And so should you. Damn it, read this thing. Indulge yourself.

Posted by Eric Burns-White at August 30, 2004 12:58 PM

Comments

Comment from: John Bankert posted at August 30, 2004 2:34 PM

It's fortunate for you that disposable income hasn't been seen in my household since 1992, otherwise we'd have a problem.

Comment from: djcoffman posted at August 30, 2004 9:55 PM

Man, that is some SWEET looking art. Just wow.

Comment from: tynic posted at August 30, 2004 10:08 PM

This has inspired me to subscribe to GS - thanks for writing about it.

Comment from: larksilver posted at September 13, 2005 11:17 AM

So. I'm at work, searching the internet on a break, trying to get my Tuesday Digger fix since the DSL is broken currently at home (ARGH!). I do a search on google for Vernon Digger and this was the first link that popped up, even before the comic itself.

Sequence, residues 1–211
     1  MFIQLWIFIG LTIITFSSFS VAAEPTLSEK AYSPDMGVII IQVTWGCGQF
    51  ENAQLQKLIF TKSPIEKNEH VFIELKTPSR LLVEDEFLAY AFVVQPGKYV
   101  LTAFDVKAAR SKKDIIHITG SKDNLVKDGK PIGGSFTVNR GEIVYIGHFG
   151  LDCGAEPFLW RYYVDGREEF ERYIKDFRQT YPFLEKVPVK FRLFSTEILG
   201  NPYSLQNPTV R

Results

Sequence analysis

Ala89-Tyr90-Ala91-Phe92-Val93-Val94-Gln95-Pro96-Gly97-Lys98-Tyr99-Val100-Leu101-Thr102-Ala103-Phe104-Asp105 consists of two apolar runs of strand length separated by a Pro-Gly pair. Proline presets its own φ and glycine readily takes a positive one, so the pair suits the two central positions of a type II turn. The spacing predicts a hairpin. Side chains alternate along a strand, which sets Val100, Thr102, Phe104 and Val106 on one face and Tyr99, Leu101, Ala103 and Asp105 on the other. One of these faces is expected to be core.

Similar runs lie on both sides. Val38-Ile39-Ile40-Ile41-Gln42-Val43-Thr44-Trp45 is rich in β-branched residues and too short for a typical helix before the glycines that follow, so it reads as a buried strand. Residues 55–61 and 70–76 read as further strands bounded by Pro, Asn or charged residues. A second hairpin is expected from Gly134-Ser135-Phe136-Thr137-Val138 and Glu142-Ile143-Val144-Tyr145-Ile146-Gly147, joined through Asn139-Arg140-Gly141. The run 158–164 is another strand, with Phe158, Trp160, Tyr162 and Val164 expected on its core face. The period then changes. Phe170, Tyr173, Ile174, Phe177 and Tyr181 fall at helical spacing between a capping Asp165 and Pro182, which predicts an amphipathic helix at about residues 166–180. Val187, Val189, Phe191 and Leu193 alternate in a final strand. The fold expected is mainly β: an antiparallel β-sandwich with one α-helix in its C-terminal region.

Which reminded me, by the way, that my drooly-fangirl-ishness over Ms. Vernon's work is all your fault! Thank you. I continue to be astonished by the artwork, and vastly amused by the story and content, in this graphic tale.